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insulating a concrete block wall in a bathroom  RSS feed

 
Gilbert Fritz
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We have an un-insulated exterior concrete wall in a bathroom. Hot steam against cold masonry, with a layer of something else in between the two, spells trouble. What can we use to insulate the wall that will not have trouble getting wet?

I was wondering about mixing lime plaster and perlite. Would this work?

We can't use fiberglass, etc because the concrete wall surface will be the interior wall surface as well.
 
Karen Coe
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I went to a workshop a few years ago on using American clay. They have a website detailing this product.
 
S Haze
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Location: Southern Minnesota, USA, zone 4/5
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Is insulating the outside of the block wall a possibility?

By doing so you'd be using the mass of the wall as thermal storage. If you do go this route the only thing I know of to caution you about is that if you live in a very cold climate and the wall and insulation extends below grade the ground outside can freeze and expand pushing in the wall. I heard this from a contractor family member but he said it applies mostly to situations where the soil is very compacted because the house was built long ago and the drainage is poor.

I'd really like to know if clay or plaster on the interior would work in a situation like this or will the differences between these materials' affinity for water and that of the concrete cause problems with its integrity or the buildup of moisture in the wall. This appeals to me more than using a concrete based material if it works good.

I'm also working with a concrete wall (mine is already well insulated on the outside) and considering using a product called thorocoat to cover the interior because it's supposed to have the same permeability to water vapor as the block. I don't know much about it yet in terms of cost or potential hazards, or if it can be mixed with perlite or vermiculite but I'm guessing it could be.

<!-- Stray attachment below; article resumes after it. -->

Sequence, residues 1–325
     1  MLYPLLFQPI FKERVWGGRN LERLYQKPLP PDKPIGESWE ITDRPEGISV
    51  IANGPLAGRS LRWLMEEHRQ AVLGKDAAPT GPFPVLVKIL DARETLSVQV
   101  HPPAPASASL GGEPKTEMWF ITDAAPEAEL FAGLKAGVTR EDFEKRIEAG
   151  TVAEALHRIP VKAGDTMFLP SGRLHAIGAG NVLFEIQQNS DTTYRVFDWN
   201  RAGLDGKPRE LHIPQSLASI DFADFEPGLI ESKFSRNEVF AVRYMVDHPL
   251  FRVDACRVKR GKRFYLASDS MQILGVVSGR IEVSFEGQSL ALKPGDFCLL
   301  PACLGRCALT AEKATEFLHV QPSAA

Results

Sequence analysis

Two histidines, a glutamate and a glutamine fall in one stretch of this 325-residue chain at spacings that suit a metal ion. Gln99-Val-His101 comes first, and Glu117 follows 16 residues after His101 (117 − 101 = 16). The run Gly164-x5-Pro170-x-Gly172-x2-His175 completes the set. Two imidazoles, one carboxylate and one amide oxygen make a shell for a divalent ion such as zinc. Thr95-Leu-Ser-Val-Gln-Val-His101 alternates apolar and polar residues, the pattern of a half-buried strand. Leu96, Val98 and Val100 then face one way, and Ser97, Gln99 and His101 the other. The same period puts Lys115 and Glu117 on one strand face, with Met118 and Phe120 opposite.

Brian Knight
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Is the wall(s) below grade?
 
Gilbert Fritz
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Yes, the wall is below grade.
 
Brian Knight
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Are there termites in Denver?
 
Gilbert Fritz
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There are termites, but they are rather rare, not a big problem overall. (Of course they are a big problem for the individual house that gets them!)
 
Brian Knight
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I like the idea of insulating the outside of such walls because you can take advantage of the thermal mass. Problems are termites and difficulty of detailing the exterior insulation. Iam currently adding foam to the outside my CMU foundation but NOT excavating to address the below grade portions. I always use to recommend doing foam or mineral wool on the outside of foundations. I still currently prefer to do it that way when it makes sense but its very difficult to do right. I think most would be better off following BSC recommendations which has increasingly moved to doing it from the interior instead of the exterior. You lose the thermal mass TM effect but as weve been discussing elsewhere, TM is not as important as other things anyway.

http://www.buildingscience.com/documents/information-sheets/basement-insulation/?searchterm=basement
 
Brian Knight
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Just read a great article on retrofitting exterior insulation in the latest JLC. Folks should check out Dales thread for some good pics of his drainage excavation project. http://www.permies.com.evohst.org/t/31726/green-building/Dale-drainage-customer-house-pictures

I enclosed this link which discusses the issues in detail and page 19,20 discusses a technique used by utility contractors; pressure washing a slot and sucking out the debris with a vacuum. No pics at link like there was in the article..

http://apps1.eere.energy.gov/buildings/publications/pdfs/building_america/excavationless_exterior_found.pdf
 
I agree. Here's the link: http://richsoil.com/email
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